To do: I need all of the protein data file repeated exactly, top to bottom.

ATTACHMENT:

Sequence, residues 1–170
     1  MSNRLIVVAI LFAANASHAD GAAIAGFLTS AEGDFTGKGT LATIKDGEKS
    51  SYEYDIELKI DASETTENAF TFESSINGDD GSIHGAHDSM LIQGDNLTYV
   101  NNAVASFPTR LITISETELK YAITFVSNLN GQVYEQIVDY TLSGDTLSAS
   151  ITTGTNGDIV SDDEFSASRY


Sequence, residues 1–170
     1  MSNRLIVVAI LFAANASHAD GAAIAGFLTS AEGDFTGKGT LATIKDGEKS
    51  SYEYDIELKI DASETTENAF TFESSINGDD GSIHGAHDSM LIQGDNLTYV
   101  NNAVASFPTR LITISETELK YAITFVSNLN GQVYEQIVDY TLSGDTLSAS
   151  ITTGTNGDIV SDDEFSASRY